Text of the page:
Once the munchkins were gone, I was relieved to be with my beloved high schoolers for the rest of the evening. We had another great message from Dr. Joe - I was so impressed with him I gave him a free copy of THE REDEMPTION OF PONTIUS PILATE, a treat I normally reserve for family members and a few close friends. For the next couple of hours we had some small group time, feedback sessions, and free time with the kids. I got called on to capture and then liberate a baby water snake that had found its way into the chapel and scared the bejabbers out of one of my fellow teachers, and also discovered something I did not know about one of my long-time co-workers, Sandra Fields: this woman gets absolutely punchy after 9 PM. I was rattling off a long series of my Bible pun jokes ("Who was the best female investor in the Bible - Pharaoh's daughter; she went down to the river and drew out a little prophet!") and she was laughing harder and harder at each one, no matter how dumb they were, and the kids were cracking up at her cracking up!
At ten we withdrew to our cabins. I was sharing Cabin A with all of the Junior and Senior guys. I brought a devotion on Psalm 103, then showered and we began to get ready for bed. I told them that, in order to go to sleep, I liked it dark, quiet, and cold. The lights went off at 10:30, I put on my CPAP and tried to doze off, but they absolutely would not SHUT UP! At one point I took the mask off and said "What part of DARK AND QUIET do you not understand??" but it was to no avail. Then I got an idea.
I rolled on my side and was very quiet for a few minutes, then started to talk "in my sleep". They got all excited - "Is he really asleep?" - "What did he just say?" - "We need to write all this down!" So as they listened raptly, I led them through an imaginary P-51 air mission over occupied France in World War 2, complete with epic fighter battles, aerial victories, the tragic loss of a squadron mate named Jenkins, and a hair-raising wheels-up landing at the end. However, as I talked about this magnificent dogfight, my voice got softer and softer, and I spaced my comments further and further apart. By the time I climbed out of the smoking wreckage of my Mustang and reported to the Briefing Room, the bunkroom was dead quiet. I waited a few minutes, and no one made a sound. I yelled out at considerable volume: "Zombies at 12 o'clock!" (confusing genres there a bit) and no one made a peep.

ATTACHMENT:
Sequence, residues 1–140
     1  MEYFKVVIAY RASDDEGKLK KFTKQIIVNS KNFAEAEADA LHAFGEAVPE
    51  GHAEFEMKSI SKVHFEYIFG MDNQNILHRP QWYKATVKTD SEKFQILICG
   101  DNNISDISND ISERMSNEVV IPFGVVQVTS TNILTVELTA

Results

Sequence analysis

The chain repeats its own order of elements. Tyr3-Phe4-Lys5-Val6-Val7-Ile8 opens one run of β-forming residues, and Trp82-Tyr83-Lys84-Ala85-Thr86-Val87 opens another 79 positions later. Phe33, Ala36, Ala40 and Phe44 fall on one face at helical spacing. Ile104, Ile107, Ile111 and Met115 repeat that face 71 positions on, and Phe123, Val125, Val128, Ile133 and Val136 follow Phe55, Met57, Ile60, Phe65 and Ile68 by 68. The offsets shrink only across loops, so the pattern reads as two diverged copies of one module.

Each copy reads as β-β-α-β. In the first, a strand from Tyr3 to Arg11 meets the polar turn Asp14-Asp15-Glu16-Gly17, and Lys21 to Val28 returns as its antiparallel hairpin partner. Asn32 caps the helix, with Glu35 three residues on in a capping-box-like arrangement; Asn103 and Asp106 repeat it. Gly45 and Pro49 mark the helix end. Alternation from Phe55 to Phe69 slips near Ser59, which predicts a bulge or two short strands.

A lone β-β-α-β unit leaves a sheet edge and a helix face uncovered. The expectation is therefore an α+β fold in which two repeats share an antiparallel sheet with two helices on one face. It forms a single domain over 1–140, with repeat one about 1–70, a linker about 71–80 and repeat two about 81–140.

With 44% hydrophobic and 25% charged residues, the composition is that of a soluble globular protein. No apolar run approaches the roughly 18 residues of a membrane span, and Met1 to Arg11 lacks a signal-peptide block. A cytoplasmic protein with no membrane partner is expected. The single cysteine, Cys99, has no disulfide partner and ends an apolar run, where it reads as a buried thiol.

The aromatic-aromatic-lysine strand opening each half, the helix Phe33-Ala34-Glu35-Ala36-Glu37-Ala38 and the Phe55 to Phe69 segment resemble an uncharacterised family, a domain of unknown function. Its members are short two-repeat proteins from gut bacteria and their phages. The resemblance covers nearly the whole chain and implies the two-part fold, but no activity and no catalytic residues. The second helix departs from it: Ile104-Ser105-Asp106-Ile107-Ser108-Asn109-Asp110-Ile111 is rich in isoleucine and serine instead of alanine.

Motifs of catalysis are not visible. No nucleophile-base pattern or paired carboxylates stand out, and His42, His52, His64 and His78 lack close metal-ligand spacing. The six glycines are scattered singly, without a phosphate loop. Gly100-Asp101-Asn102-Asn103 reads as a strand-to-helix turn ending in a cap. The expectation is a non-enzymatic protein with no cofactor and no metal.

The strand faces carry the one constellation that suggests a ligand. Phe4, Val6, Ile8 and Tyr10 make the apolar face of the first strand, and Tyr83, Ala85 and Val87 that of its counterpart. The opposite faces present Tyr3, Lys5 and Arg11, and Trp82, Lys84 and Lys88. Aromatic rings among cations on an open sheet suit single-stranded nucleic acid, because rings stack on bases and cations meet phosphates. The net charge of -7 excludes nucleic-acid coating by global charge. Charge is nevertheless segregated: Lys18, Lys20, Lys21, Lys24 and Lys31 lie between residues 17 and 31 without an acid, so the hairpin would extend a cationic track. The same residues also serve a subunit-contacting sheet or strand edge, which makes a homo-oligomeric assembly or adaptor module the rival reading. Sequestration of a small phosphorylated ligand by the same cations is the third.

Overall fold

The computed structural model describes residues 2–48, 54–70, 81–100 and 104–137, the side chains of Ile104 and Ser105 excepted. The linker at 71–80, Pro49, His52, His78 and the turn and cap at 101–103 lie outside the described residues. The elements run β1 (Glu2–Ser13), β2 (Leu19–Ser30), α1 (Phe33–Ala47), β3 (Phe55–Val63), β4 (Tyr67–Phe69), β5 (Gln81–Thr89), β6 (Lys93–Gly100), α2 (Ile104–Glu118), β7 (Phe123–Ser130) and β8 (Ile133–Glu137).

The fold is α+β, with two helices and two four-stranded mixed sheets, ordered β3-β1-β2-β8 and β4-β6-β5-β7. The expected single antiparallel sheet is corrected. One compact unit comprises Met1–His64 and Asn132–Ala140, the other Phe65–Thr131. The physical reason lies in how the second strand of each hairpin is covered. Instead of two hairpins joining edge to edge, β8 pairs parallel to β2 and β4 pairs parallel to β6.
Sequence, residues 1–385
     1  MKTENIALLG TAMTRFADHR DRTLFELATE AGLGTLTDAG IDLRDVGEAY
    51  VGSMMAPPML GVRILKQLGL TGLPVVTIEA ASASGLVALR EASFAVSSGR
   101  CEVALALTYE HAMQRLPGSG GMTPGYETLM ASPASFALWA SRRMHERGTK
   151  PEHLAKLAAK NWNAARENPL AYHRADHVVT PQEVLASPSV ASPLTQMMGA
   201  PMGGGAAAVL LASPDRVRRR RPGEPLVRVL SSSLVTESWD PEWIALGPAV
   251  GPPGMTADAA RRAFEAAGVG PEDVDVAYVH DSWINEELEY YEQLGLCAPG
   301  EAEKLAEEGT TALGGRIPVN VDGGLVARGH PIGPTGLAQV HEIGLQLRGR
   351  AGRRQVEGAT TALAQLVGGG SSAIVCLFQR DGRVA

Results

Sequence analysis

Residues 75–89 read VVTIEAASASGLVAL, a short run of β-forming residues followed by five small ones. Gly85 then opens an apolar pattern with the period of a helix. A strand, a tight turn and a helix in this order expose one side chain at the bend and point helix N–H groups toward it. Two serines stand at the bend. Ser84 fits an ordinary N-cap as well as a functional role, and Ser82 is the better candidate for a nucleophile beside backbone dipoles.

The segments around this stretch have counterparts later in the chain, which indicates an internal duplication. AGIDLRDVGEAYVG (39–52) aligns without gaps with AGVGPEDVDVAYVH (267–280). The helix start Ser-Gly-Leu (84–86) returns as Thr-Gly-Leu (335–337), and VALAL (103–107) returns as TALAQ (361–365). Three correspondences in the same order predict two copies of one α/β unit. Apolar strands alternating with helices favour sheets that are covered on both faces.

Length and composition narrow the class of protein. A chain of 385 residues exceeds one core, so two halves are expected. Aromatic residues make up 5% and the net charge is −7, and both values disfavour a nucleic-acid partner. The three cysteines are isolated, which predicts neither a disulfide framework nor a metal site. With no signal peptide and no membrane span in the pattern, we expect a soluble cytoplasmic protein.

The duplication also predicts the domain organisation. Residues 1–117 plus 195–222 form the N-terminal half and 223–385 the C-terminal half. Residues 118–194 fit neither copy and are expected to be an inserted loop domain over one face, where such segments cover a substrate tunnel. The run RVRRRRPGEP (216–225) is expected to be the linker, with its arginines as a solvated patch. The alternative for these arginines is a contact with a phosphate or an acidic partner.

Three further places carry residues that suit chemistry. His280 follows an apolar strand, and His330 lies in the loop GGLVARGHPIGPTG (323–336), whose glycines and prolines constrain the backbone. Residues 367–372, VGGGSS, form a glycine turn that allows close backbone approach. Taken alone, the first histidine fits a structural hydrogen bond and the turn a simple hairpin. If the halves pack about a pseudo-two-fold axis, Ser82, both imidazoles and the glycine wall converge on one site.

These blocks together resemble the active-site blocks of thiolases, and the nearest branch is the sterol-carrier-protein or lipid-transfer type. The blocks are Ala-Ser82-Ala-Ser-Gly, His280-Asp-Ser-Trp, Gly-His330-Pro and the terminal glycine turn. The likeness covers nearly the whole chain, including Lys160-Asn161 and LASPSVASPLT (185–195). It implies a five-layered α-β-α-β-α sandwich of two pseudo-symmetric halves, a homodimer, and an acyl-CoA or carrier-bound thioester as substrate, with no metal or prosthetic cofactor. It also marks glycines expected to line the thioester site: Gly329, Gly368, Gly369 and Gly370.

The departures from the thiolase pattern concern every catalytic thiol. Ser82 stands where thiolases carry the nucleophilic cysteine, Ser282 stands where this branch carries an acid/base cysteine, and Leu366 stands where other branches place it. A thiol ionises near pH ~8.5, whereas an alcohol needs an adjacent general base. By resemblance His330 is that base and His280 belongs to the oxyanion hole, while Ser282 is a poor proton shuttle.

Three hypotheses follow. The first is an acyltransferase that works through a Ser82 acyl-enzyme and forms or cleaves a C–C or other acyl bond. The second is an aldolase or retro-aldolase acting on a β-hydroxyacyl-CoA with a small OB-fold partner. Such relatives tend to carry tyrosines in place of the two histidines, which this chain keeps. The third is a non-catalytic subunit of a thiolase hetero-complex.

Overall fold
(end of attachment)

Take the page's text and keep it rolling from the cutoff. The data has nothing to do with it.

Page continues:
"That's better," I thought, and rolled over and slept all night.
Got up the next morning and rejoined my Middle School group at the school (after a quick stop at a convenience store for a Dr. Pepper and Snickers breakfast!). We had chapel, spent some time in small groups, then went out on the playground and played Ultimate Frisbee and Blindfold Kickball for an hour or so. After that we had lunch with our "Partner class" (each upper grade is paired with one lower grade, and they occasionally eat lunch and do activities together). It was fun to watch my 8th graders interact with the little 1st graders. Once that was done, we did recess with the wee ones on the playground for a half hour, then went to the gym for some more games - "Ships and Sailors," "Sharks and Minnows," and "Human Pac-Man" (which, despite its name, does NOT involve students eating each other!). By 2 o'clock, the kids were worn out, so we went to one of the empty classrooms and sat them all down in the AC, and we had "Story Time with Uncle Indy," starring yours truly (I told them 'The Story of Little Johnny', a longtime favorite of my high school classes). Afterwards, we split up by grade, did a roundtable discussion of what we liked and didn't like about the retreat, and I shared with them some of my own thoughts on what it means to be faithful in our following of Christ. Finally, the bell rang, and we all headed home - bedraggled, enlightened, and exhausted, but ready to come to school and LEARN on Monday!
So, to answer your question, THAT is what goes on at a Christian School retreat.